NEW YORK (Reuters Health) - The lowest dose of estrogen available in a patch — 0.014 milligrams per day — is effective for easing menopausal hot flashes, a study show.
This dosage has been shown to increase bone strength, but it was not known whether such micro-dosing relieves menopausal symptoms, note Dr. Gloria A. Bachmann, of the University of Medicine and Dentistry of New Jersey, and colleagues.
To investigate further, the researchers studied 425 healthy postmenopausal women with moderate to severe hot flushes. They were given patches containing micro-dose estrogen, or low-dose estrogen (0.023 mg per day), or placebo.
After 12 weeks, the severity of hot flashes was significantly reduced in both active treatment groups compared to the placebo group, the team reports in the medical journal Obstetrics and Gynecology.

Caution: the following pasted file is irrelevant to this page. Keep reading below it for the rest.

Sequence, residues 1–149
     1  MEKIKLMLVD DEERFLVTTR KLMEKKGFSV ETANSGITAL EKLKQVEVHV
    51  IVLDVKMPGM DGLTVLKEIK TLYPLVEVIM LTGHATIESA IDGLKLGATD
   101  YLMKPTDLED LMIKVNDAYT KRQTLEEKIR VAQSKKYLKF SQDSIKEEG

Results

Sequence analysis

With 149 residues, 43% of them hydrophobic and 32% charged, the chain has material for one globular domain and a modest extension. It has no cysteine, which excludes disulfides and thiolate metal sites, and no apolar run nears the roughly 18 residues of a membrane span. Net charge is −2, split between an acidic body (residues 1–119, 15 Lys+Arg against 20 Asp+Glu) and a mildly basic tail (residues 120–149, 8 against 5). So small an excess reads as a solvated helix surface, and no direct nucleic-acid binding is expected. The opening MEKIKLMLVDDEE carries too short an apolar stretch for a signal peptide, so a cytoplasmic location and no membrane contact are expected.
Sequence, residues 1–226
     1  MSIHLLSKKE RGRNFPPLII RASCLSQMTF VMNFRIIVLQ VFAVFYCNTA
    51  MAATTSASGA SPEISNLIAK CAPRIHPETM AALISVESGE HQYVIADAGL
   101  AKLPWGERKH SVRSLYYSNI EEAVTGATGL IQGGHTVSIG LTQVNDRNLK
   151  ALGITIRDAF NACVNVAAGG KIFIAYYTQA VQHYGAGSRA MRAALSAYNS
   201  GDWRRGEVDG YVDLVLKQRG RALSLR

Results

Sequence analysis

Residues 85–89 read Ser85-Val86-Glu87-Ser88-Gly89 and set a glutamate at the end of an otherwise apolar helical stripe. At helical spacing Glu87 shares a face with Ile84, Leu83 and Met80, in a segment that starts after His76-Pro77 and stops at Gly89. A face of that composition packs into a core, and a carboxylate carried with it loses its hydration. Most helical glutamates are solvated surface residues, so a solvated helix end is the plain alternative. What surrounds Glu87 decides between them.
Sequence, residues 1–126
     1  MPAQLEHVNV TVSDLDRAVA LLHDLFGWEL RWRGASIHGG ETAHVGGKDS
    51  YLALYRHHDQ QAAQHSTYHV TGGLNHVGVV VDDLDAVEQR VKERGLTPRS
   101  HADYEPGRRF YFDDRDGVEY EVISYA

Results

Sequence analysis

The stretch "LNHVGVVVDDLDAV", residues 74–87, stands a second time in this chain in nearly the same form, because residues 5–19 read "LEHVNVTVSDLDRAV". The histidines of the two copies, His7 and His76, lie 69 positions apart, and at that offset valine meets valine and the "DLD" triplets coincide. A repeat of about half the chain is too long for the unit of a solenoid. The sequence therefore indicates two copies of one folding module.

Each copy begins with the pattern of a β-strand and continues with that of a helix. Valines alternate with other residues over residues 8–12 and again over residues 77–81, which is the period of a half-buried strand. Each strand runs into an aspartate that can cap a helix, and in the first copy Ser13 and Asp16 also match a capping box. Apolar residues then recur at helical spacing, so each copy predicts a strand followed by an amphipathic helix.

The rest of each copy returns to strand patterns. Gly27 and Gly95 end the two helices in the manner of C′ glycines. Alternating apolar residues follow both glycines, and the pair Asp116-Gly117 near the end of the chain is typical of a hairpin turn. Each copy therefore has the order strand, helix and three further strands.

At that point, over 41 percent of the women receiving micro-dose estrogen were experiencing at least 75 fewer hot flashes daily, while this was the case for only 24 percent of the women given placebo patches.
There were no differences in adverse events among women on active treatment compared with placebo.
The researchers conclude that the micro-dose estrogen patch “may therefore be a valuable therapy for many women initiating menopausal hormone therapy, combining effective symptom relief with minimal side effects and maximum patient acceptance.”
SOURCE: Obstetrics and Gynecology, October 2007.